THROUGH THE ARCHIVES: Agrarian violence erupts in Fermanagh after fair day
From the News Letter, May 19, 1829
The fair at Rosslea which had been held on May 8, 1829, had been a “scene of a most daring outrage”, reported the News Letter on this day in 1829.
Further details told how at about four o’clock that evening that “about 200 Catholics” marched into the fair.
One Protestant fair goer was then attacked and a general cry of “the bill has passed, the country is our own, to hell with the heretics” was heard from those who had invaded the fair.
There then ensued a further general attack on Protestants in the vicinity.
The correspondent from Fermanagh related how there had been “but five police” stationed in Rosslea that day and that they “could not effect anything against such a multitude”.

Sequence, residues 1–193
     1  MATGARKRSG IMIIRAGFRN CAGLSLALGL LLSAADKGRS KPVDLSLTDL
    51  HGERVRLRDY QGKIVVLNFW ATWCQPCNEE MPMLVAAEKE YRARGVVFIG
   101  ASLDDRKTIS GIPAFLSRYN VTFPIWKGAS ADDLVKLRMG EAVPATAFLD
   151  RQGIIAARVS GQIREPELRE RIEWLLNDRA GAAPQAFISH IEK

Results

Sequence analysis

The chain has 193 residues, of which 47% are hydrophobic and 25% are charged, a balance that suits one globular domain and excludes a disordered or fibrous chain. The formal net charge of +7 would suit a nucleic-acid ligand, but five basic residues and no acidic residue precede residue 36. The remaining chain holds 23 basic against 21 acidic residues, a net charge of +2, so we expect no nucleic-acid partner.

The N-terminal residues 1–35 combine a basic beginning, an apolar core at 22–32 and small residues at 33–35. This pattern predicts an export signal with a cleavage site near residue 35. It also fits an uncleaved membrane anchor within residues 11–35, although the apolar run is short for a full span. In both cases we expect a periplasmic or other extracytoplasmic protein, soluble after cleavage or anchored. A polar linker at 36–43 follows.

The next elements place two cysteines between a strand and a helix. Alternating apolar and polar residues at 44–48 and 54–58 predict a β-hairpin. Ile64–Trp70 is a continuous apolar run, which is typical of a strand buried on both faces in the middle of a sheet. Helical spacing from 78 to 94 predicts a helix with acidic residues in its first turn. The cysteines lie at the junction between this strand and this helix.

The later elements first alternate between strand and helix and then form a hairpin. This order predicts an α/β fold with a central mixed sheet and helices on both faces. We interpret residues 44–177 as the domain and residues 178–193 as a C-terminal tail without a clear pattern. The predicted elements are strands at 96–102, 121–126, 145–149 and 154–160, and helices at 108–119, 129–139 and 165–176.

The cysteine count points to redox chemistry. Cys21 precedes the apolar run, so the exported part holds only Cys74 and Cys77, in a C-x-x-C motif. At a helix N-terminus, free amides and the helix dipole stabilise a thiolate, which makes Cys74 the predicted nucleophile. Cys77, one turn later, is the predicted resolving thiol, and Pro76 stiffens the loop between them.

The Protestants “having their lives thus in jeopardy” had sent messengers to their friends in the country who came to their assistance but were also attack by another large body of men as they rushed to the aid of the Rosslea Protestants.
Three days it was fair day in Enniskillen and the paper’s correspondent wrote that it had been much “disturbed by party quarrels”.
The quarrelling rose to such a pitch, added the correspondent, that the parties “by mutual consent” chose a field outside of the town “to try their strength”.
When the battle commenced, it was reported, “many hard knocks were given and received”.
The police in the district who were under the command of Captain Colclough had great difficulty splitting those involved in the fracas.
Meanwhile, a few days previously about 600 men who had assembled under the pretence to plant potatoes at Derrylin had run amok carrying green and white flags.